2/12/2013 12:32:00 PM Twin Arrows Casino job fair packs the house Job seekers fill High Country Conference Center at Northern Arizona University for three days hoping for one of 800 jobs
Twin Arrows job applicants sit on railings, stairwells and sidewalks in and around the High Country Conference Center at Northern Arizona University waiting for their names to be called for the screening process Feb. 1. Rosanda Suetopka Thayer/NHO
Hundreds of people apply for jobs at the Twin Arrows Casino job fair Feb. 1-3. Rosanda Suetopka Thayer/NHO
Rosanda Suetopka Thayer The Observer
Navajo owned Twin Arrows Casino is not scheduled to open until May but competition for jobs at the casino is serious. A three-day job fair offered by the Navajo Nation at the High Country Conference Center in Flagstaff, Ariz. Feb. 1-3 was proof that people need and want jobs.
Casino officials must complete hiring for Twin Arrows in 60 days, so the rush to get people hired, background checked, drug tested and fully trained is in high gear.
The Navajo Gaming Commissions needs a minimum of 800 employees to fully staff and operate the new casino.
Job opportunities are available in marketing, hospitality, accounting, administration, food and beverage, restaurant, snack, cook staff, housekeeping, security, gaming tables, waitressing, gift shop and tourist guest services.
There was no shortage of applicants. On the first day of the job fair more than 1,000 people made their way to the conference center well before the 9 a.m. start. Many of the applicants traveled from out of state.
It wasn't only Hopi or Navajo native tribal members applying for jobs. There were applicants from every ethnic background seeking work, many of whom had experience working in other casinos in New Mexico for pueblo tribes.
The casino and hotel complex, located 20 miles east of Flagstaff off of Interstate 40 will cost $175 million. The casino's operators will need a large staff to handle visitors interested in playing the slots or even just bingo.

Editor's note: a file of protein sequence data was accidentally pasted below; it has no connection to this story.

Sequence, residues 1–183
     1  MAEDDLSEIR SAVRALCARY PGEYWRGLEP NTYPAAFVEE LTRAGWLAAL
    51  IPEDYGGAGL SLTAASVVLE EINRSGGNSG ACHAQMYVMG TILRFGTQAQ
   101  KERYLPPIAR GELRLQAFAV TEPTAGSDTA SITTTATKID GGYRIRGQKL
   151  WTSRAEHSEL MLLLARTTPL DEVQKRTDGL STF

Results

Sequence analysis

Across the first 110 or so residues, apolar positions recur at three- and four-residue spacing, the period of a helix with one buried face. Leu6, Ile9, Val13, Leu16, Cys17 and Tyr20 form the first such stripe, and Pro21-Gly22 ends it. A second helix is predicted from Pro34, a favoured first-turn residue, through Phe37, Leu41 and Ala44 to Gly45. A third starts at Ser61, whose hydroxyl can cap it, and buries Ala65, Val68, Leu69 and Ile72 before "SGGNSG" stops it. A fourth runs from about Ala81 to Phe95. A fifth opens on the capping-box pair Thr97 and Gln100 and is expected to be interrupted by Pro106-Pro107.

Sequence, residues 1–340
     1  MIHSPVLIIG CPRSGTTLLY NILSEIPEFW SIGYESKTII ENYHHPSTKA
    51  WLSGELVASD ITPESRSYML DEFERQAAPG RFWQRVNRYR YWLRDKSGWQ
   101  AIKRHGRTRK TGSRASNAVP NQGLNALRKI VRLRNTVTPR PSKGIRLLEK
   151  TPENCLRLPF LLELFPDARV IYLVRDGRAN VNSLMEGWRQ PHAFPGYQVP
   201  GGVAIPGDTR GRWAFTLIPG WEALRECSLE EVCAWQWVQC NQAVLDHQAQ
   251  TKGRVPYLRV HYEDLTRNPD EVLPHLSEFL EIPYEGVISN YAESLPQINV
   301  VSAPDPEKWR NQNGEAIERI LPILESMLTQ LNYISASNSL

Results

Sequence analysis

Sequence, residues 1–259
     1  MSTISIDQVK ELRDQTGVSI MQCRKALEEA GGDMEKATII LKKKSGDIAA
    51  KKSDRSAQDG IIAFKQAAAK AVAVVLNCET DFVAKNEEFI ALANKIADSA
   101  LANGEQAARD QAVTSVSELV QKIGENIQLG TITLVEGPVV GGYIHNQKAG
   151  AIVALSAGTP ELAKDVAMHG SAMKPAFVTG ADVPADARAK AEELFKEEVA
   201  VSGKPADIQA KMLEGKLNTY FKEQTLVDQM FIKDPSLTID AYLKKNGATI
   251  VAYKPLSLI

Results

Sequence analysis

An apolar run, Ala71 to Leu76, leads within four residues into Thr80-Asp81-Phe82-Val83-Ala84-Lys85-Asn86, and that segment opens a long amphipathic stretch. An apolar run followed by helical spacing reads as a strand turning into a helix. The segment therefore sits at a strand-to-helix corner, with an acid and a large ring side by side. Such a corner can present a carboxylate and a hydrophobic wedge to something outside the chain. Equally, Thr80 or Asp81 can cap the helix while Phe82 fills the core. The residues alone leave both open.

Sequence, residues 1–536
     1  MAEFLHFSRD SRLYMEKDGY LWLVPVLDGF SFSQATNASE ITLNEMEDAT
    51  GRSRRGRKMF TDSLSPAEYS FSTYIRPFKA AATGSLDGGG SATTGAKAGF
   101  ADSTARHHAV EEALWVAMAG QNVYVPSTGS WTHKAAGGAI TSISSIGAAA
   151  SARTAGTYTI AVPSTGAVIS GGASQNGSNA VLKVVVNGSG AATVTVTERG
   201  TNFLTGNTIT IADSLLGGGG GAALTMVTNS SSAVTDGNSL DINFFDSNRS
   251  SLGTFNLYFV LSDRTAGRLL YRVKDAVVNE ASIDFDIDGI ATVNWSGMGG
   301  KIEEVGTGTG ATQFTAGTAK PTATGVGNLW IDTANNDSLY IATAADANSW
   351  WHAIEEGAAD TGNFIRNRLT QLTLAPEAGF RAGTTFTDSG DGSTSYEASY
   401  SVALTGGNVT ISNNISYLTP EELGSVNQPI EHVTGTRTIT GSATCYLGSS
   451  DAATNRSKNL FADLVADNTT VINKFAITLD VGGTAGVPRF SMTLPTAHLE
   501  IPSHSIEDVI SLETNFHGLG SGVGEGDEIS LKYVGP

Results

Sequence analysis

The Navajo casino hiring agency announced a Native preference policy but, with so many jobs to fill, there were applicants from every ethnic background at the job fair.
Job fair staff gave applicants an application to fill out and a small ticket with a number. The applicants were called individually for a primary screening. If the applicant met the minimum qualifications, then interviewers called them a second time for a review of their application. If an applicant passed this second phase they were called a third time and asked to stay for drug testing and background checks. Only then did organizers consider the applicant for an on-the-spot hire.
One young woman who drove in from Farmington, N.M. the night before, stayed with a relative so she could be at the job fair at 7 a.m. even though the formal process would not start until 9 a.m. She was hired as the new Twin Arrows housekeeping supervisor by late Friday afternoon.
"I got the job," she shouted to which the whole crowd still waiting for screening, clapped loudly and shouted "Congratulations!"
One Hopi female applicant looking for an administrative assistant position arrived at 10:15 a.m. She was number 376 and was not called to the second phase until around 3:30 p.m. She left the building at 6:30 p.m. after staff told her to call the gaming offices for her personal interview the following week. Casino personnel said her ability to speak and understand the Hopi language was a desired quality.
Twin Arrows will have 1,089 slot machines, blackjack, poker, Keno tables and 90 hotel rooms when it opens in May. The resort will have several places to eat including a steak-house, an oyster bar, a 24-hour restaurant and a food court.
Twin Arrows is not the first Navajo casino. The Fire Rock Casino in Gallup, N.M. opened in 2008 and was the first Navajo owned and operated casino. It is much smaller at 64,000 square feet with 740 slots, video poker and 10 game tables including blackjack, craps and roulette and a bingo parlor.
Indian gaming was born in 1979 when the Seminole Indian Tribe in Hollywood, Fla. opened their first casino. The state of Florida tried to immediately shut it down and after a series of court battles, the United States Supreme Court handed down a decision in 1981 ruling in favor of the Seminole people stating that tribal sovereignty gave the Seminoles the right to operate and own their own bingo hall and casino.
In 1987, the Supreme Court said any federally recognized tribe can own and operate its own casino outside of state jurisdiction because all Indian tribes are considered sovereign entities within the United States. States cannot prohibit gaming on tribal reservation land.
In 1988 Congress passed the Indian Gaming Regulatory Act (IGRA) establishing rules and regulations for the operation and regulation of Indian gaming.